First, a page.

24 Sep 2019
€4M funding tranche will enable fabless company to accelerate industrialization of silicon photonics technology.
Scintil Photonics, a Grenoble, France, startup working on fully integrated silicon photonic circuits - including laser integration - has raised €4 million in its first round of venture funding.
French investors Innovacom, Bpifrance, and Supernova Invest led the round, with compatriots Credit Agricole Alpes Développement and Fund Foreis also taking part.
Scintil, whose technology draws on more than 15 years of research into indium phosphide/silicon lasers, silicon photonics, and 3D packaging carried out at CEA-Leti, says that the money will be used to develop prototype 800 Gb/s transceiver circuits, in collaboration with commercial semiconductor foundries.
The fabless firm will target strategic customers in the data center market, while looking to further strengthen its existing research and development partnerships with CEA-Leti and the University of Toronto in Canada.
CEO Sylvie Menezo, who was previously head of the silicon photonics laboratory at CEA-Leti and coordinated Horizon 2020 projects including COSMICC and FABULOUS, established Scintil as recently as November 2018.
The company received early seed finance by virtue of winning the "i-Lab 2018" startup competition hosted by Bpifrance, and is also taking part in this week's European Conference on Optical Communications (ECOC) event in Dublin, Ireland. It is currently hiring for several positions.
The Scintil management team is rounded out by chairman Pascal Langlois, the former CEO of Tronics Microsystems - another startup incubated at CEA-Leti - and chief commercial officer Yannick Paillard, who worked in a variety of roles over two decades at chip maker ST Microelectronics.
“We are very pleased to have the support of leading French investors to further develop to an industrial level our innovative silicon photonic integrated circuits,” said Menezo. “Integrating lasers onto silicon photonic circuits, mass produced in commercial silicon photonics foundries using standard manufacturing processes, is a key technology asset of Scintil."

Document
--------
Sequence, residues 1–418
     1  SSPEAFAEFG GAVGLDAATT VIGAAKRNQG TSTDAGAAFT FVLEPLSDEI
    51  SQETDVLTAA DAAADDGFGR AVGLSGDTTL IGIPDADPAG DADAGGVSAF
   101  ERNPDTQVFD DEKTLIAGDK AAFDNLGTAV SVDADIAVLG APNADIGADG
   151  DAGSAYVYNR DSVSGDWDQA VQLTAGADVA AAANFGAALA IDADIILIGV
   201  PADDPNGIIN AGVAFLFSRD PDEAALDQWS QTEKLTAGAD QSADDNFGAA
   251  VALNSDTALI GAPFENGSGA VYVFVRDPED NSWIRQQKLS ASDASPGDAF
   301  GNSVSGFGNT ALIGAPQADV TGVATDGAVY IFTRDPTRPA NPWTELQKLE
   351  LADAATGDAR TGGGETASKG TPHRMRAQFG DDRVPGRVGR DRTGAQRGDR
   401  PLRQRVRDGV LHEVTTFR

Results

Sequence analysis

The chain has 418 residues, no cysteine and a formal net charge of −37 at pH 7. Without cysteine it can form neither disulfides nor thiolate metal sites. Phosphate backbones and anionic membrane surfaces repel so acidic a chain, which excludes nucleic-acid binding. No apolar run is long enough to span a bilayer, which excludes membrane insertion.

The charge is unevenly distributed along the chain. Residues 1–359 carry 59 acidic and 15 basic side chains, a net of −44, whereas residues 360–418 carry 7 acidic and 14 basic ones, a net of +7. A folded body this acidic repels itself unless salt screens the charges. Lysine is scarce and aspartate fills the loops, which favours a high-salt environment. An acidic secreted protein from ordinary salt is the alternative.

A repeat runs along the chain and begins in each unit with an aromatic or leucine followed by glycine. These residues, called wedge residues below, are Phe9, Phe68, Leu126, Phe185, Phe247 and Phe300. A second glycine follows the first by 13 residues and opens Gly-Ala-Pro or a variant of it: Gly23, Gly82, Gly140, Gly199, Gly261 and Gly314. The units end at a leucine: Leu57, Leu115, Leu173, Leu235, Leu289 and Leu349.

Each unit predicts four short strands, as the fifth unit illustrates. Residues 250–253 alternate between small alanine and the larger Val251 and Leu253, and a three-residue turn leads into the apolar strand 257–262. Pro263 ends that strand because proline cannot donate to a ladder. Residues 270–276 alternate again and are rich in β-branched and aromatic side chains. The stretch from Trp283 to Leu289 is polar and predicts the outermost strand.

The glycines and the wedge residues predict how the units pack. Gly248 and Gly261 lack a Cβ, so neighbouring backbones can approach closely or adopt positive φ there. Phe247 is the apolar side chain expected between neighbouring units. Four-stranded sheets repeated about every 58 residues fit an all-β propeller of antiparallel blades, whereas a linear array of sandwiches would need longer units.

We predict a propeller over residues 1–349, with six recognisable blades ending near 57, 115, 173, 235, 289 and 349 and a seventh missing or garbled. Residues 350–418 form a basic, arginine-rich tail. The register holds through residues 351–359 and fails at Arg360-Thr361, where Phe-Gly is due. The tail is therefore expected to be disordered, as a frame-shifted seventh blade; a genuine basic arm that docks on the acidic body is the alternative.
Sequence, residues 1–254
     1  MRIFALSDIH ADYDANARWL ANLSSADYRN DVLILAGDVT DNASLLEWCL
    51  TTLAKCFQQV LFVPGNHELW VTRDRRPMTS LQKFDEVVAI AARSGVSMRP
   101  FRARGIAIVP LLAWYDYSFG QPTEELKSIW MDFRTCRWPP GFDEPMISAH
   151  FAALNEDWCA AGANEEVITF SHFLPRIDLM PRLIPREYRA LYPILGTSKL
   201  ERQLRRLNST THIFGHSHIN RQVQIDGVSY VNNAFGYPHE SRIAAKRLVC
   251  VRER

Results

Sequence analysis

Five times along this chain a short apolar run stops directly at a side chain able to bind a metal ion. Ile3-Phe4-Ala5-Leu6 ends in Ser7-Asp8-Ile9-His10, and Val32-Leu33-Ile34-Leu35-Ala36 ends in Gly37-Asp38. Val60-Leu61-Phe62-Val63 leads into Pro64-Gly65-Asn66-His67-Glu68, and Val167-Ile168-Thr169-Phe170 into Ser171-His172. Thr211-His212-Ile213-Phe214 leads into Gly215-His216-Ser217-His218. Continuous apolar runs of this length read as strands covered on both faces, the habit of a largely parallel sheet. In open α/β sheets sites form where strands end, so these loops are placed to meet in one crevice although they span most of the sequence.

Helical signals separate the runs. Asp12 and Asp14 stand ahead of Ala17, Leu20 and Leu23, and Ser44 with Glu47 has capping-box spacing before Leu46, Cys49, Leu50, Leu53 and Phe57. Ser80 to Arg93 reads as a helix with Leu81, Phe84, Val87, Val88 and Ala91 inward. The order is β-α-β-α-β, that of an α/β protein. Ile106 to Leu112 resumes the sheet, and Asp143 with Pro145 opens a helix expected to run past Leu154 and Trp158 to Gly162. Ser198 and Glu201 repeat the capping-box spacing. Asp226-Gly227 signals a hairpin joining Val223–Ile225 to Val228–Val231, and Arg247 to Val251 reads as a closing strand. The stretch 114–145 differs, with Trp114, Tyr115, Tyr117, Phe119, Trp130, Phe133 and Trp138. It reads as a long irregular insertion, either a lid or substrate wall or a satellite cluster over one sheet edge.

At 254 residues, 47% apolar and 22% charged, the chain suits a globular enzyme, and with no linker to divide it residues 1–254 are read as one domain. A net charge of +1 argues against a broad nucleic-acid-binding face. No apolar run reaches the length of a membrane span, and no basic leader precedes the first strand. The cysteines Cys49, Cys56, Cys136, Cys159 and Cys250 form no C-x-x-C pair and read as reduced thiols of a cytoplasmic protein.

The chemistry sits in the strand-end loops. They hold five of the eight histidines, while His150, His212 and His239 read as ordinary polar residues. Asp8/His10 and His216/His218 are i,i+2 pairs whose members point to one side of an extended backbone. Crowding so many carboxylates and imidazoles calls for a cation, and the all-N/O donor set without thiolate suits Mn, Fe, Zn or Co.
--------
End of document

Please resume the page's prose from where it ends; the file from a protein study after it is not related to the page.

She sees the technology opening up applications not just in the obvious area of optical communications, but also in computing and sensing - including lidar. "We look forward to engaging with prospective customers and demonstrating the functionality and performance enhancements that Scintil Photonics can bring," Menezo added.
"With this first funding round, Scintil will be able to have its demonstrator and prototype circuits manufactured in commercial foundries, which will greatly accelerate our time to market.”
One of the key attractions in the hybrid circuit technology is the possibility of improving the electrical efficiency of data centers, an increasingly significant drain on global energy consumption.
Christophe Desrumaux, investment director at Supernova Invest, said in a company release: "We firmly believe in Scintil Photonics’ ability to implement the seamless integration of III-V semiconductor material on silicon.
"In particular, the collective manufacturing of lasers, reducing the cost of mass-producing fully integrated photonic circuits while improving the energy efficiency and other critical parameters, is a key differentiator in penetrating the market [for] data center transceivers and sensors."
Marion Aubry, his counterpart at Bpifrance's "Digital Venture" division, added that the company would look to develop 800 Gb/s optical data connections at a very competitive cost, while Innovacom partner Vincent Deltrieu stressed the increasing significance of higher bit rates, cost, and power consumption in data centers - where an estimated 80 per cent of data transmission now takes place.
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